3. Melanie Webb says:

    Dear Laura,

    Thank you so much for articulating your experience in those sessions. I was at both of them and, just before coming across your post, I finished writing an AAR survey response that comments on some of the same dynamics. I was deeply unsettled by the focus on a theological response to the recent election results that enacted a form of Christian supremacy, particularly since Islamaphobia and anti-Semitism have been such strong features of the president-elect’s campaign and appointments.

    At this year’s AAR, we missed the chance to center how religious and theological discourses besides Christian ones are thoroughly a part of American experience and identity, and are resources for responding to gross injustices that have been made ever more plain through the election results and their aftermath. While Christian theologies are also a resource, we need to avoid re-enacting their primacy, and exclusivity, within our politics and communities.

    Again, thank you for writing so eloquently and powerfully.

    Melanie Webb

  4. Brandon Frick says:

    AAR undoubtedly needs to be an open a collegial atmosphere for all its participants.I’m sad to see that didn’t happen for you or many of the commenters. I’m a Protestant pastor who never wants inter-religious dialogue partners to feel unwelcome, especially in matters of social justice, where pursuit of a common good can serve as a bridge between faith communities. Would you mind sharing the heart of the issue? Was it whatAlexander said? Was it the “crusading” effect it had on many in the audience? Was it that she was invited to speak in a plenary session? All the above?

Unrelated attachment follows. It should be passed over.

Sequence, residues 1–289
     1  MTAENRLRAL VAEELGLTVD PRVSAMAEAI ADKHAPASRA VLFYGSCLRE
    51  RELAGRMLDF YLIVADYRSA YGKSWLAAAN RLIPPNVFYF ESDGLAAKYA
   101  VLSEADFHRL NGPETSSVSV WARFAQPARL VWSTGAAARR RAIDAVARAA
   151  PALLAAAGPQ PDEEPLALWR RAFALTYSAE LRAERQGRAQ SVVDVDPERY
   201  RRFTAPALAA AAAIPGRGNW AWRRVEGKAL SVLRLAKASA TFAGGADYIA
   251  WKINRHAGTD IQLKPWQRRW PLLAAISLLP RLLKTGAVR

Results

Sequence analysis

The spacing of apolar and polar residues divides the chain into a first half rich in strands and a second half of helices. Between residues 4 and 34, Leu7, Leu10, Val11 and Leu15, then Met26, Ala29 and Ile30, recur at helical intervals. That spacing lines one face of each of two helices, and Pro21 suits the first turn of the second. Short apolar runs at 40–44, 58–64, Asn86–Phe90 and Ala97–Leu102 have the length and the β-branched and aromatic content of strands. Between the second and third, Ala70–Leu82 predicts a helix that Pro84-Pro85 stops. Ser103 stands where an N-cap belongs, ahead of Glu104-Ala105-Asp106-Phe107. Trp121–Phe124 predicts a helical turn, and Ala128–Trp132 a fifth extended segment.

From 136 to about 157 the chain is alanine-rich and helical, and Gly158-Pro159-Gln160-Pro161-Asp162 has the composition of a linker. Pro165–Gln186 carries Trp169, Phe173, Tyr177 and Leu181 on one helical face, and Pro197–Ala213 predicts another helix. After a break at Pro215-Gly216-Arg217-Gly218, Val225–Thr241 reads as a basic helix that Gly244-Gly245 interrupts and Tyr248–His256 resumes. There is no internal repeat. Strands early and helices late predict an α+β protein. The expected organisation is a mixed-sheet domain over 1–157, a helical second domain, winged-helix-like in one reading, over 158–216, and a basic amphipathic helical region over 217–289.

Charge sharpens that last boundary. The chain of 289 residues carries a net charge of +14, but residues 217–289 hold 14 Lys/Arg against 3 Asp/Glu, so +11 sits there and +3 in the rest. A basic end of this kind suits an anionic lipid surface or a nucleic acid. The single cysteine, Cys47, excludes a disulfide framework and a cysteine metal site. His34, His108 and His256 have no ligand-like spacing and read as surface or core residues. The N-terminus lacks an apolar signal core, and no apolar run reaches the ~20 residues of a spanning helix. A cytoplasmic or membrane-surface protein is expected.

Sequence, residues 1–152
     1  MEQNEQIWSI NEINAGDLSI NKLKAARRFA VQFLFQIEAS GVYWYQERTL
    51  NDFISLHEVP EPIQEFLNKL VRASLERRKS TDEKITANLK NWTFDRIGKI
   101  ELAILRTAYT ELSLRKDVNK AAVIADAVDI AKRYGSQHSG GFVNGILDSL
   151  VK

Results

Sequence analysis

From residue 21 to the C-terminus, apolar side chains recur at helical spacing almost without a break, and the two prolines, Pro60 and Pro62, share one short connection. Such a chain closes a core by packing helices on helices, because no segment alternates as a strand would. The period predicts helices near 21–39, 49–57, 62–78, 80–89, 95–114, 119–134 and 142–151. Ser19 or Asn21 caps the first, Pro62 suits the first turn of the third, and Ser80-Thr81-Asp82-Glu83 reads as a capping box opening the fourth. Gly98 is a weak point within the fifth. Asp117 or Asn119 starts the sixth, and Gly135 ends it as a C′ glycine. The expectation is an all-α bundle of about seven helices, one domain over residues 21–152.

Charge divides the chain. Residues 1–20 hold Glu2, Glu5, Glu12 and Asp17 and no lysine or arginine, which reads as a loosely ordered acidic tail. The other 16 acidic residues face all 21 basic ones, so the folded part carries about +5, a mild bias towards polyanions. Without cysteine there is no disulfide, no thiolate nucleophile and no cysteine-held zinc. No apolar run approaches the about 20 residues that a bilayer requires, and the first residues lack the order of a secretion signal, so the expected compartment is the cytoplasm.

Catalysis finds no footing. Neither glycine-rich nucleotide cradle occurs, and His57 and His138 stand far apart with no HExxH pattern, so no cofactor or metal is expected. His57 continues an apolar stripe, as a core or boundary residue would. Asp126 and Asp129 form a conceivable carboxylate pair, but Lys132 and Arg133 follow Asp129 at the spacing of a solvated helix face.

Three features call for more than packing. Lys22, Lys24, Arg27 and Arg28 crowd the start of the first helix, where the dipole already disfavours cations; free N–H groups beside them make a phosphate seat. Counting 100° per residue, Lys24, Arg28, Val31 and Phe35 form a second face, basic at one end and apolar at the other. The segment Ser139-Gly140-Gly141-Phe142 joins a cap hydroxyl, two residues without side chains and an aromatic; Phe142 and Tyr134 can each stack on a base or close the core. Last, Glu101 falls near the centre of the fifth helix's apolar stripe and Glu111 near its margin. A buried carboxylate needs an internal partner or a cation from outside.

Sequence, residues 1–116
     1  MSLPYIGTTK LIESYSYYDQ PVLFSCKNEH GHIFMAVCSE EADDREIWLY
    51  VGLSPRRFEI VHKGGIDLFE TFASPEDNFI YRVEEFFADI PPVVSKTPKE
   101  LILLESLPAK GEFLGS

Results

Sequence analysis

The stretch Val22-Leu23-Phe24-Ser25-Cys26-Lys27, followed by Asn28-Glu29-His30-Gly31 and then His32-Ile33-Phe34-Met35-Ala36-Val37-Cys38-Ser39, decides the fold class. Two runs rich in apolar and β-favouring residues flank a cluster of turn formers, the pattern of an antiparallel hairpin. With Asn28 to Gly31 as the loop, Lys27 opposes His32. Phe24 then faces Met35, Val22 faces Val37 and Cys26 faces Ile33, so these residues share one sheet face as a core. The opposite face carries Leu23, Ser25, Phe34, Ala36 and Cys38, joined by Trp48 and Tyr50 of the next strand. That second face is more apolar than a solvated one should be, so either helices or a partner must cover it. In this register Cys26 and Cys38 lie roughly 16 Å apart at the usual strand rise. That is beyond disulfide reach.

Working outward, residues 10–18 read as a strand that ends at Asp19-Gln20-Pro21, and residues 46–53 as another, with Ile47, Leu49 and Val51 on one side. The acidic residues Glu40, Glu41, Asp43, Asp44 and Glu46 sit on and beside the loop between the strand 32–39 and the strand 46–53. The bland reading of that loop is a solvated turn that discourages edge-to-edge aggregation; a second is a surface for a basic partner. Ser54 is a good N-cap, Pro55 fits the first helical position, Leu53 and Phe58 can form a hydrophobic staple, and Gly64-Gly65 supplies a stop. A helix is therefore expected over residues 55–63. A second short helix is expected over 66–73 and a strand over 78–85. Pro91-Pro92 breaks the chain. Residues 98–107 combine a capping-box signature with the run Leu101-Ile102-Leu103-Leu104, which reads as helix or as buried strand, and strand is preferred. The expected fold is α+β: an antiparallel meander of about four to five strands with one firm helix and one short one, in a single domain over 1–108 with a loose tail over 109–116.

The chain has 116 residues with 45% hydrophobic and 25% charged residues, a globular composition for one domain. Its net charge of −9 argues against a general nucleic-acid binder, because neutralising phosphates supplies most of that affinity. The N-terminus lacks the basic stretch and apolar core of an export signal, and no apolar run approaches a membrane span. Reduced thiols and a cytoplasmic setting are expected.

• Chris Haskett says:

      Aside from the unabashed sectarianism of proclaiming one’s own Church as the answer, there is the problem that inter-religious dialogue is DOING religion, and at least some of us want to maintain a distinction between participation in the activity we study and our study of it. They are not the same thing. For scholars, inter-religious dialogue is data, and we are the interpreters of it.

      To that end, I think many of us were similarly disheartened by the inclusion of HH the 14th Dalai Lama as a participant in a similar session some years back.

    • Melanie Webb says:

      As someone else who was at these sessions and who shares the concerns that Laura is raising, I would like to venture a reply to your question(s).